The ‘Werewolf’ serial killer used axes, knives and screwdrivers to murder women in a bid to ‘cleanse’ his town of prostitutes
Werewolves are real. All too real. They may not have fur or fangs, but they exist. As is sometimes explained in the folklore, their hair just grows “on the inside.” You can’t always spot a werewolf by sight.
Another truth: Love is blind. And sometimes stupid, too.
Russian serial killer Mikhail Popkov murdered and mutilated over twenty women and raped their corpses. Dubbed “The Werewolf” by the press, he was linked to the crimes by DNA and other evidence. He has confessed to them. Yet his wife and family refuse to accept that he is guilty. His wife says that she would gladly return to married life with him if he were set free.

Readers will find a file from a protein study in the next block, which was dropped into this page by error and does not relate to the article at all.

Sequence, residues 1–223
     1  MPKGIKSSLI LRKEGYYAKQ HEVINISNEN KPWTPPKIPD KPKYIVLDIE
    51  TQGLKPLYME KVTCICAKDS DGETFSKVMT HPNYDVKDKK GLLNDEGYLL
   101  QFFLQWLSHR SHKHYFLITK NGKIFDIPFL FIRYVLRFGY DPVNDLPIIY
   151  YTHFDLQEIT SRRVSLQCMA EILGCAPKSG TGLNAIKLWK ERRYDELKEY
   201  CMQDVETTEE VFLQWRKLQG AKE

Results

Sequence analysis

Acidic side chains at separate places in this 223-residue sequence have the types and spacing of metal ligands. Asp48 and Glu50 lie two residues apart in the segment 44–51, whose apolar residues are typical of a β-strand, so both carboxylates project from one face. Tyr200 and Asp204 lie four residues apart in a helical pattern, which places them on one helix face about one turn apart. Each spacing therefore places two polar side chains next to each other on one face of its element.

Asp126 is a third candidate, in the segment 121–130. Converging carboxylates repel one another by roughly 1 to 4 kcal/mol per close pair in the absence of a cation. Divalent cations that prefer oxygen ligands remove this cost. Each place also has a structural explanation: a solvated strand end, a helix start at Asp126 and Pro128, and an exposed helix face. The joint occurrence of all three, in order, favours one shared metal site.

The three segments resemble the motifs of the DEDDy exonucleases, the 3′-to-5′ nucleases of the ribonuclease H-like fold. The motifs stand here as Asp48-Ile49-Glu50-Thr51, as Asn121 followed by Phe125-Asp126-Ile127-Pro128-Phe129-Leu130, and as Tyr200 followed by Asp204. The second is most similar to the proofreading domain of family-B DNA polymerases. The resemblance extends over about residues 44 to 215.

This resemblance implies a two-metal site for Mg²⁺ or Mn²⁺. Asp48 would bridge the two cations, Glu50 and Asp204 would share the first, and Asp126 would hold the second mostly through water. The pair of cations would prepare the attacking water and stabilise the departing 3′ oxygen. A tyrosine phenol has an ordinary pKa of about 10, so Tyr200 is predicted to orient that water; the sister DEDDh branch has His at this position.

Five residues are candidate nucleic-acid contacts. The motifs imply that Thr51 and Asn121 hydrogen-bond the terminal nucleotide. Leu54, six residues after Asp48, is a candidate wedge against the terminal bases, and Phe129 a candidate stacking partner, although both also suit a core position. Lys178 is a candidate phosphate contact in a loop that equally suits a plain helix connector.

Popkov has no fangs or claws. He doesn’t need the full moon to effect his transformation. He is always a beast. A charming one. How else has he managed to convince those closest to him that he is harmless, benign? Can we dismiss them as imbeciles, or deluding themselves? Or does Popkov, like his American counterpart Ted Bundy—another hairless werewolf—possess that almost uncanny ability to charm and deceive? Even the werewolves of legend weren’t able to do that.
So which type do you find more frightening?